In contrast to the procedure in court cases, there is no rules of evidence in arbitration cases. Absence of specific rules of evidence means that the parties to the arbitration do not have to go through the same cumbersome process that lawyers have to follow in court. In contrast to the procedure in arbitration cases, in court case attorneys must authenticate documents, photographs and other evidence through testimony of witnesses. Arbitration panel decide whether the evidence is relevant and probative. Usually, arbitration panel accept all submissions, decide whether any particular document is credible, relevant and persuasive. Arbitration panel accept all submissions, because one of the few reasons for overturning an arbitration award is when the panel refuses to hear evidence pertinent and material to the controversy.

In arbitration cases, if a party wants to challenge a document as not accurate, they can object to. However, arbitration process still works more quickly than court. Arbitration requires substantially less pre-trial work and therefore less expensive.

Examination of witnesses in an arbitration case is similar to examinations in court case. However, Examination of witnesses in an arbitration is less structured than court. Arbitrators try to find their way to the truth of the matter while not being overly concerned about any particular process of questioning.

In many arbitration cases, parties may decide not to call witnesses to the hearing, but instead submit testimony in the form of an affidavit which is more convenient and less expensive, but might be less persuasive. Practically, in maritime arbitration cases, parties may decide to submit less controversial testimony by affidavit and call witnesses for crucial testimony.

Arbitration panel makes decision by vote of the arbitrators and arbitration outcome is set out in an award. Generally, arbitration panel issue reasoned award which spell out the reasons for their decision. Furthermore, an arbitrator who dissents from the award may write a partial or total dissent to be attached to arbitration award.

Arbitration Award is not directly enforceable by itself. If losing party does not pay Arbitration Award, then winning party need to get court order to authorize the authorities to get more aggressive in enforcing the award. Furthermore, if arbitration agreement provides that judgment of the court may be entered on the award, then winning party may apply to get court order confirming the award.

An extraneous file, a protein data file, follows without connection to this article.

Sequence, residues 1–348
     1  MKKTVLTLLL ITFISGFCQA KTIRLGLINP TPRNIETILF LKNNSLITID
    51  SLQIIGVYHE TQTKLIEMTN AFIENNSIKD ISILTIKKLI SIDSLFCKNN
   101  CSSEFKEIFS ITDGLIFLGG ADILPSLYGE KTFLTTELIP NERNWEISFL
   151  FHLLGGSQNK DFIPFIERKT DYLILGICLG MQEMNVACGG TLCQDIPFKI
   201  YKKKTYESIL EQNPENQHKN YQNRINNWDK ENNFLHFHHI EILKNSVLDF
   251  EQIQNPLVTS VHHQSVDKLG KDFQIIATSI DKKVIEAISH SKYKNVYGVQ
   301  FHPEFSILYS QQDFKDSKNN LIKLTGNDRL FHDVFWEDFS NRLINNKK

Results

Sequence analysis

In United States, according to Federal Arbitration Act (FAA), an application to confirm an arbitration award must be made within one (1) year after the award is made. In Arbitration Award procedure, arbitration’s winning party makes an application for confirmation and attaching arbitration award. If loosing party fails to petition the court to vacate the award, then arbitration award is confirmed as a court order, enforceable by the authorities to the same extent as any other court order.


Vacating or Appealing an Arbitration Award

In arbitration case, losing party has the right to challenge an arbitration award by petitioning the court where arbitration award was made to vacate the award within three (3) months after the award is delivered. If losing party fails to petition to vacate the arbitration award within three (3) months period, losing party also loses the right to challenge arbitration award.

In order to vacate an arbitration award, losing party must show that:

  • Arbitration award was procured by corruption, fraud or undue means
  • Evident partiality or corruption in the arbitrators
  • Arbitrators were guilty of misconduct in refusing to postpone hearing, upon sufficient cause shown or in refusing to hear evidence pertinent and material to the controversy or of any other misbehavior by which the rights of any party have been prejudiced
  • Arbitrators exceeded their powers or so imperfectly executed them that a mutual, final and definite award upon the subject matter submitted was not made

Generally, court is not supposed to substitute its judgment for that of the arbitrators. Objective of the arbitration is to provide more efficient and expedient means of resolving disputes. Hence, advantages of arbitration process would be undone if parties could simply re-litigate disputes in the context of an action to vacate or enforce the award.

Arbitration Award cannot be overturned if the arbitrators make a mistake of law. Arbitration favor commercial reasonableness and practice over legal niceties. Court reviewing an arbitration do not vacate an arbitration award, even if court believes the arbitration panel made mistakes about the law. Only exception is that a court might vacate an arbitration award if the court concludes that the arbitrators committed manifest disregard of the law by willfully ignoring or rejecting the clearly applicable law. Court must find that the applicable law alleged to have been ignored by the arbitrators was well defined, explicit and clearly applicable and the arbitrators knew about the existence of the clearly governing legal principle but decided to ignore it.

In United States, arbitration parties cannot agree to allow a reviewing court to review the legal decisions of the arbitration. Jurisdiction of a district court to review an arbitration award is limited by the terms of Federal Arbitration Act (FAA). Arbitration parties cannot expand that jurisdiction, even if both parties agree to do so.

Arbitration Award cannot be overturned if the arbitrators make a mistake of fact. Permitting arbitration parties to challenge the factual findings of arbitration panel would undo the primary benefit of arbitrations by undercutting their finality. Unless arbitration award is vacated for other reasons, facts found by the arbitrators cannot be challenged later.